Cheers to dads!
Father’s Day is coming up this Sunday, June 21st. If this is news to you, it’s ok, there is still time to find a quick gift, unless of course you’re just reading this on Saturday night. This week’s post I’m going to shift gears a little. My posts thus far have been on topics that pertain to our business and educating not only our clients, but those in our community. I am going to talk about the dads in our life. Dad’s come in all shapes and sizes and forms. Some households don’t have dads, but have others that fill that role, some households have 2 dads, and well, if you’re the Tanner household, you have 3 dads. If you are a kid from the 80s or early 90s, you probably got my last joke. But in all seriousness, anyone can be a dad if you are willing to take on that role.
My dad is the best. Clearly, I am bias, but he really truly is. He has always been there for me and my siblings. When I was younger, my brother and I both went through a lot of medical stuff. While both my parents spent as equal amount of time as they could, my dad was little more adventurous in big cities. When I was 5, I had a heart surgery out in Boston. While I don’t remember a lot, I do remember riding the train, going to the Boston Common park, and of course, taking me to Cheers. I am sure he also took me to other places, but those are what I remember the most. I had the opportunity to go back to Boston (for fun this time) in 2008, with my family and it was fun retracing steps again as my dad tried to show the whole family all the places him and I ventured to almost 20 years prior. I played almost every sport under the sun since I was 6. Soccer, softball, basketball, volleyball, hockey, golf, and swimming. I also did dance, choir, piano, and band. While some of these sports/activities didn’t work out, he always found a way to encourage me to do my best. I also know that he rarely missed an activity whether it was home or away. In 7th and 8thgrade we had a group of girls who wanted to play hockey and basketball. Him and another dad of our group made sure we could do both and helped form and coach a team so we could practice around both schedules and play in tournaments. While he may have penny pinched on hockey sticks (I don’t think I ever owned a stick over $50) or golf clubs (my high school set cost $200 for everything), he knew that fancy equipment was not what made you a great athlete. He wanted to instill hard-work ethic, leadership, and responsibility through anything we did in life. Same was true after I finished college and really didn’t know what I wanted to do. I kind of wanted to go into the family business, but he wasn’t ready, and wanted me to learn from others (he seems to think he’s not a great teacher). While it took another 5 years before he was finally ready, it was time well spent in other industries learning different things. The last 6 years working along side my dad have been truly amazing. While we don't always agree on some things, I always know that I wouldn't have the opportunities I have if it wasn't for him. He has taught me so much already and can't wait to continue to learn more over the coming years. I hope to be as good as he is and be able to help families feel confident in their financial decisions and know they are protected.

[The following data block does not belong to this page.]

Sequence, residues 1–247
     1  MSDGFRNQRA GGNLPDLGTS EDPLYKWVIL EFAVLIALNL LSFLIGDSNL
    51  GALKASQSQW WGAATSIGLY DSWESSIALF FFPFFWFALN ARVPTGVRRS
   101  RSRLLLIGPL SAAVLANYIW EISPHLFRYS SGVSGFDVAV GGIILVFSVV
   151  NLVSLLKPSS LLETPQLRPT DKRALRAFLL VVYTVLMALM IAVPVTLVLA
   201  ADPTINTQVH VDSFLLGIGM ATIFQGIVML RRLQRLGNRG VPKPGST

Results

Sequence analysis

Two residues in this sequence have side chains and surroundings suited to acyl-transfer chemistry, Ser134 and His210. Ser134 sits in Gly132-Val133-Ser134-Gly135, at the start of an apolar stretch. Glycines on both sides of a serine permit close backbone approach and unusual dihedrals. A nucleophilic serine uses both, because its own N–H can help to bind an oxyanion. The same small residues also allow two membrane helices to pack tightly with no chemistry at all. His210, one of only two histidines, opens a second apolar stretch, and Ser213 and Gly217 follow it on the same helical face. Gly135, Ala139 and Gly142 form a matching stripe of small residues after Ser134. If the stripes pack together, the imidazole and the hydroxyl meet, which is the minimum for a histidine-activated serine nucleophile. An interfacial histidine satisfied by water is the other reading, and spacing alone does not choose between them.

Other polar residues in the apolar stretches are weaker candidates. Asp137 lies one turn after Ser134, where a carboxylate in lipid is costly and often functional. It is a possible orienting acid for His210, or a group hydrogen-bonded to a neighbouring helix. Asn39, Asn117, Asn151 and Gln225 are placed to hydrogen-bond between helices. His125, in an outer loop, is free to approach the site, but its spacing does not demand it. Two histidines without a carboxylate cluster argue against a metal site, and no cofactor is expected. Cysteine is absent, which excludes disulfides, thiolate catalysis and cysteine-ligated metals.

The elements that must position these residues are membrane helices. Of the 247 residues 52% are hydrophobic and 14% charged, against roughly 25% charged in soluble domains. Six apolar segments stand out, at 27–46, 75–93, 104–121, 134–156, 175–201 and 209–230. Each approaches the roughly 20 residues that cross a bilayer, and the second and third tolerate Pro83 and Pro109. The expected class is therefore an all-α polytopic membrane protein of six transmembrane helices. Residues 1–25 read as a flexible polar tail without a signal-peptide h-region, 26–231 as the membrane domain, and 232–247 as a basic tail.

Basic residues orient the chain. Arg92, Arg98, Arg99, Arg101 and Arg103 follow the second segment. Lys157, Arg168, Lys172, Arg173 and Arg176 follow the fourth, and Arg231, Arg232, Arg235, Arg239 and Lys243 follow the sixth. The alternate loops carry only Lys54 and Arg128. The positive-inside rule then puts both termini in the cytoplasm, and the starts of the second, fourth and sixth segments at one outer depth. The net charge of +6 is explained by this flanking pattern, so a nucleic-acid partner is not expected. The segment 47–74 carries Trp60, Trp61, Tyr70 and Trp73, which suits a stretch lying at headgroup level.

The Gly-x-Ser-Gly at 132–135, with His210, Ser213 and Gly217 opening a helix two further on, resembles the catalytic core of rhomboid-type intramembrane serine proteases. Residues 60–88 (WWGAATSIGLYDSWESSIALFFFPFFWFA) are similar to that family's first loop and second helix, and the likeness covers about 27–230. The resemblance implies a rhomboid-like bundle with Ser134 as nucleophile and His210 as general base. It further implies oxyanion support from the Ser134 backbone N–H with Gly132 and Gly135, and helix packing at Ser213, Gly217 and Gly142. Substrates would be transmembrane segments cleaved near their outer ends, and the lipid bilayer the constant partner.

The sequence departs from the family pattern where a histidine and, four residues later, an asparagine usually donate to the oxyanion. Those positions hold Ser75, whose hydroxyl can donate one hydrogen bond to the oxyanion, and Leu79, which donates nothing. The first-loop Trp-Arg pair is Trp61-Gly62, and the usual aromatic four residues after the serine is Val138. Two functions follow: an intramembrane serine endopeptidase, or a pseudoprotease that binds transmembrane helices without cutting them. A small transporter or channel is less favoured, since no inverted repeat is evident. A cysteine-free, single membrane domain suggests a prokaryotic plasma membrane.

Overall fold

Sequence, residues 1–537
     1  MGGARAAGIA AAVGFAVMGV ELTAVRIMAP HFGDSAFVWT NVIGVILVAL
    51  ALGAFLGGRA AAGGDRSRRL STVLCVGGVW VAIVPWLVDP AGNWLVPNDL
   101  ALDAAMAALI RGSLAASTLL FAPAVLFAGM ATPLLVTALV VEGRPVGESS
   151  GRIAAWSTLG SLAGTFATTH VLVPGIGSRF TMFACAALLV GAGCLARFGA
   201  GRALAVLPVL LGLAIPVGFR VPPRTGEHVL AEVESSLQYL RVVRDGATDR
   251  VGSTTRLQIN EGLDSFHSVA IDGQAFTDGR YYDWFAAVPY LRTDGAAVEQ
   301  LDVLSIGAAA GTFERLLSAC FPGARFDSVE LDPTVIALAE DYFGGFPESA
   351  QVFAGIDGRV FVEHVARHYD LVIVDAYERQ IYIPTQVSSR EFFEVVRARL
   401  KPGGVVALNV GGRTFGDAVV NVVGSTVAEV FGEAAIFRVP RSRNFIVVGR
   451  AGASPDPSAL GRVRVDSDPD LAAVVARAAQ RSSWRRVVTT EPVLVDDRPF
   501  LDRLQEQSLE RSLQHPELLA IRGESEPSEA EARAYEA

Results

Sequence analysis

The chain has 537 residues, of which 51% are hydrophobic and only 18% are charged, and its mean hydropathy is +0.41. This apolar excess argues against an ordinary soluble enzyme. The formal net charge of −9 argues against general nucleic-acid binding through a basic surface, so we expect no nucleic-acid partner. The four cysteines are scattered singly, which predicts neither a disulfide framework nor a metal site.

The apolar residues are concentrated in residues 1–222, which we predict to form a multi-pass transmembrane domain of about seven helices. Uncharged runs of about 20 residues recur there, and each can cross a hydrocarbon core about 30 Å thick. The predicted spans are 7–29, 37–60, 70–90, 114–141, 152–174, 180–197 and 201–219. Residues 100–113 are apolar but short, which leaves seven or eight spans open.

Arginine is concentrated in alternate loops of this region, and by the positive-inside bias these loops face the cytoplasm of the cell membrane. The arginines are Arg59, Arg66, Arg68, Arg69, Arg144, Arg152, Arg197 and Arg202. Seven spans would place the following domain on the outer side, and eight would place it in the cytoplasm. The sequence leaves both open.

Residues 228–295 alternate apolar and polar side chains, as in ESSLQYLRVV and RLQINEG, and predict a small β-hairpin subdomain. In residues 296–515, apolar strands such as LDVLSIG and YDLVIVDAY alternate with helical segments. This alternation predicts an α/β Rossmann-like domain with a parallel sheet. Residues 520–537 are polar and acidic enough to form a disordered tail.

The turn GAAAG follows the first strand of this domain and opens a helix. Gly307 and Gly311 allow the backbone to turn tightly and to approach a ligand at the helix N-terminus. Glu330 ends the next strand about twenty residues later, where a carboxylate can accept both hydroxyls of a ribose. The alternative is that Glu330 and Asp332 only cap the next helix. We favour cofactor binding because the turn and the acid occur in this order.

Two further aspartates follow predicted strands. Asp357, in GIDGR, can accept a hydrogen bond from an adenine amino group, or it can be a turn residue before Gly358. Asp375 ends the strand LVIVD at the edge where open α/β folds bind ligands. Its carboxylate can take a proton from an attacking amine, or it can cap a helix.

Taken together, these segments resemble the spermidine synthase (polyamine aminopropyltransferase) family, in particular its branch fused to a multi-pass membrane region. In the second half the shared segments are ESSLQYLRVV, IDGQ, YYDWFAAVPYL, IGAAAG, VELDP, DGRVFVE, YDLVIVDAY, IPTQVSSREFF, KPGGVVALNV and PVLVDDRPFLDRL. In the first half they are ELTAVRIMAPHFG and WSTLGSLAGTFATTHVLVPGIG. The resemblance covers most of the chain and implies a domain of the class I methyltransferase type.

To my husband, you are an awesome dad. You help care for our children, entertain them as their own personal bouncy house or jungle gym, build forts, let them help with things when sometimes it’s just easier to do it yourself. We are still early in our parenthood journey and while I know there will be things we disagree on, one thing I do know, is that he will always be the kids’ best supporter. I can’t wait to see where the journey of parenthood takes us. Thank you for being great.
I know there are others out there who have not had a father or a fatherly like influence in their life. While I cannot imagine what that would be like, I do know there are men out there, that would fill that role in a heartbeat. To all the dad’s out there, whether you are a dad, filling the role of a dad, going to be a dad, or longing to be a dad, know that you are looked up to. Know you are loved, needed and wanted, even if you son or daughter is in that awkward teenage phase where dads aren’t cool anymore (most likely moms aren’t either). If any kids are reading this, be kind to your parents. You will not always agree on things and you most likely won’t understand decisions until later life, sometime not until you’re a parent. Learn to give grace, on both sides, parent to child and child to parent, but don’t forget to have a little fun along the way too!
Happy Father’s Day!
“The righteous man walks in his integrity; his children are blessed after him” – Proverbs 20:7